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Cardiovascular magnetic resonance imaging in the UK Biobank: a major international health research resource

Cardiovascular magnetic resonance imaging in the UK Biobank: a major international health research resource
Cardiovascular magnetic resonance imaging in the UK Biobank: a major international health research resource
The UK Biobank (UKB) is a health research resource of major international importance, incorporating comprehensive characterisation of over 500,000 men and women recruited between 2006-2010 from across the UK. There is prospective tracking of health outcomes for all participants through linkages with national cohorts (death registers, cancer registers, electronic hospital records, primary care records). The dataset has been enhanced with the UKB imaging study, which aims to scan a subset of 100,000 participants. The imaging protocol includes magnetic resonance imaging of the brain, heart, and abdomen, carotid ultrasound, and whole-body dual x-ray absorptiometry (DXA). Since its launch in 2015, over 48,000 participants have completed the imaging study with scheduled completion in 2023. Repeat imaging of 10,000 participants has been approved and commenced in 2019. The cardiovascular magnetic resonance (CMR) scan provides detailed assessment of cardiac structure and function comprising bright blood anatomic assessment (sagittal, coronal, axial), left and right ventricular cine images (long and short axis), myocardial tagging, native T1 mapping, aortic flow, and imaging of the thoracic aorta. The UKB is an open access resource available to health researchers across all scientific disciplines from both academia and industry with no preferential access or exclusivity. In this paper, we consider how we may best utilise the UKB CMR data to advance cardiovascular research and review notable achievements to date.
0195-668X
Raisi-Estabragh, Zahra
43c85c5e-4574-476b-80d6-8fb1cdb3df0a
Harvey, Nicholas
ce487fb4-d360-4aac-9d17-9466d6cba145
Neubauer, Stefan
c8a34156-a4ed-4dfe-97cb-4f47627d927d
Petersen, Steffen E.
04f2ce88-790d-48dc-baac-cbe0946dd928
Raisi-Estabragh, Zahra
43c85c5e-4574-476b-80d6-8fb1cdb3df0a
Harvey, Nicholas
ce487fb4-d360-4aac-9d17-9466d6cba145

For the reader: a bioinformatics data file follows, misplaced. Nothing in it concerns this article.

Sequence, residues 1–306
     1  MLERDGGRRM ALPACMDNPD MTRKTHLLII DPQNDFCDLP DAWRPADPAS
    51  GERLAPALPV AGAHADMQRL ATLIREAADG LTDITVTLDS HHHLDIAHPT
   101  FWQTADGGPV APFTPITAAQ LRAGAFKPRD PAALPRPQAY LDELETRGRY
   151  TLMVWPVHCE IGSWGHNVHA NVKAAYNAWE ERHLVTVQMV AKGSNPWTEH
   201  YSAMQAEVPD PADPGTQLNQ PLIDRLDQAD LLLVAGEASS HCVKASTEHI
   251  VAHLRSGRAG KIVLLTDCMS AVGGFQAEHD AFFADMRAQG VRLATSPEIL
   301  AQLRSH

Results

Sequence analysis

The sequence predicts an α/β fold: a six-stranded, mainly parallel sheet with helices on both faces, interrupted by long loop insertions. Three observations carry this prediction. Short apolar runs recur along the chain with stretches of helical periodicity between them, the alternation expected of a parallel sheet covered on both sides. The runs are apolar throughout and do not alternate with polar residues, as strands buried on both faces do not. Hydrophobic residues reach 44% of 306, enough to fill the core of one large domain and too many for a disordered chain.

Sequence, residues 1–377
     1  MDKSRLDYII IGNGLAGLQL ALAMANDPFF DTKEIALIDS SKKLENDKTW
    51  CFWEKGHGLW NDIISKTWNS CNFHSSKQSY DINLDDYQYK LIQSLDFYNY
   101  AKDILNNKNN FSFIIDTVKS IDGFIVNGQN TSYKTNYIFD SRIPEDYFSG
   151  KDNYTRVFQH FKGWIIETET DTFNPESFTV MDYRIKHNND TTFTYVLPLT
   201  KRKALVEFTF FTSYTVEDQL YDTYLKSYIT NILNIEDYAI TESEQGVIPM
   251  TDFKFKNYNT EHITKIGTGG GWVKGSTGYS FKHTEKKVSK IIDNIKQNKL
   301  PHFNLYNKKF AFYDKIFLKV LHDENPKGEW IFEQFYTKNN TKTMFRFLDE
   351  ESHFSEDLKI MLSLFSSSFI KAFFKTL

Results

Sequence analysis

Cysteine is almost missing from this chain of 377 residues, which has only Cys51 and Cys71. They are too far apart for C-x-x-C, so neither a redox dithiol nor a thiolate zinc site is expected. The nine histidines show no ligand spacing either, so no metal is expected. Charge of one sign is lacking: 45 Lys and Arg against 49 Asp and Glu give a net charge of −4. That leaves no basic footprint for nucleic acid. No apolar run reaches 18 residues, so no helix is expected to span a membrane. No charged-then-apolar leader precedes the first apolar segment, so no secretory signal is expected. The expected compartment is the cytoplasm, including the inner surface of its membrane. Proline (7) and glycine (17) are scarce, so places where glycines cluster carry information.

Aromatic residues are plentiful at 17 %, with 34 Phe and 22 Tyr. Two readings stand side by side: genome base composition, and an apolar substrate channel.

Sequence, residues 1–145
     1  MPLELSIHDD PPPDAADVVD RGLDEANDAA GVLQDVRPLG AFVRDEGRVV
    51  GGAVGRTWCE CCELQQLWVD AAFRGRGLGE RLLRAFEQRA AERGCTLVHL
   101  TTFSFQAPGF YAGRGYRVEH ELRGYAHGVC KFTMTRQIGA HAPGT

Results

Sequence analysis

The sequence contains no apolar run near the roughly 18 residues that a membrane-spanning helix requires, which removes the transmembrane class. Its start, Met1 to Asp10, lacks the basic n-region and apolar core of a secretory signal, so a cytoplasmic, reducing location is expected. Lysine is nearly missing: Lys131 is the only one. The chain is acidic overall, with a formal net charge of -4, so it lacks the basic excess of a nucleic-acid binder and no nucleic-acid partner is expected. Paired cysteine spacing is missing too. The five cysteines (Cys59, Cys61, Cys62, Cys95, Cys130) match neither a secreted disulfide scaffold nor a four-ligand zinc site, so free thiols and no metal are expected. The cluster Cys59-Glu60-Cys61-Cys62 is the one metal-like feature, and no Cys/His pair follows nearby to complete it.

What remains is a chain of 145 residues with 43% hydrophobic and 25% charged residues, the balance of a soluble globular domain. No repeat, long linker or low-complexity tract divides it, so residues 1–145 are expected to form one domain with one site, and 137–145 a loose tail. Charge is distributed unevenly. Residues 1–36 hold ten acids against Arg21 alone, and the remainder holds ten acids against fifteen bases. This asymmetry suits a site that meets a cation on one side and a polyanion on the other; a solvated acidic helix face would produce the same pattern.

Neubauer, Stefan
c8a34156-a4ed-4dfe-97cb-4f47627d927d
Petersen, Steffen E.
04f2ce88-790d-48dc-baac-cbe0946dd928

Raisi-Estabragh, Zahra, Harvey, Nicholas, Neubauer, Stefan and Petersen, Steffen E. (2020) Cardiovascular magnetic resonance imaging in the UK Biobank: a major international health research resource. European Heart Journal. (In Press)

Record type: Article

Abstract

The UK Biobank (UKB) is a health research resource of major international importance, incorporating comprehensive characterisation of over 500,000 men and women recruited between 2006-2010 from across the UK. There is prospective tracking of health outcomes for all participants through linkages with national cohorts (death registers, cancer registers, electronic hospital records, primary care records). The dataset has been enhanced with the UKB imaging study, which aims to scan a subset of 100,000 participants. The imaging protocol includes magnetic resonance imaging of the brain, heart, and abdomen, carotid ultrasound, and whole-body dual x-ray absorptiometry (DXA). Since its launch in 2015, over 48,000 participants have completed the imaging study with scheduled completion in 2023. Repeat imaging of 10,000 participants has been approved and commenced in 2019. The cardiovascular magnetic resonance (CMR) scan provides detailed assessment of cardiac structure and function comprising bright blood anatomic assessment (sagittal, coronal, axial), left and right ventricular cine images (long and short axis), myocardial tagging, native T1 mapping, aortic flow, and imaging of the thoracic aorta. The UKB is an open access resource available to health researchers across all scientific disciplines from both academia and industry with no preferential access or exclusivity. In this paper, we consider how we may best utilise the UKB CMR data to advance cardiovascular research and review notable achievements to date.

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Accepted/In Press date: 7 October 2020

Identifiers

Local EPrints ID: 444372
URI: http://eprints.soton.ac.uk/id/eprint/444372
ISSN: 0195-668X
PURE UUID: c868c57c-58f0-4244-bcec-e50add075072
ORCID for Nicholas Harvey: ORCID iD orcid.org/0000-0002-8194-2512

Catalogue record

Date deposited: 14 Oct 2020 16:31
Last modified: 09 Oct 2021 04:01

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Contributors

Author: Zahra Raisi-Estabragh
Author: Nicholas Harvey ORCID iD
Author: Stefan Neubauer
Author: Steffen E. Petersen

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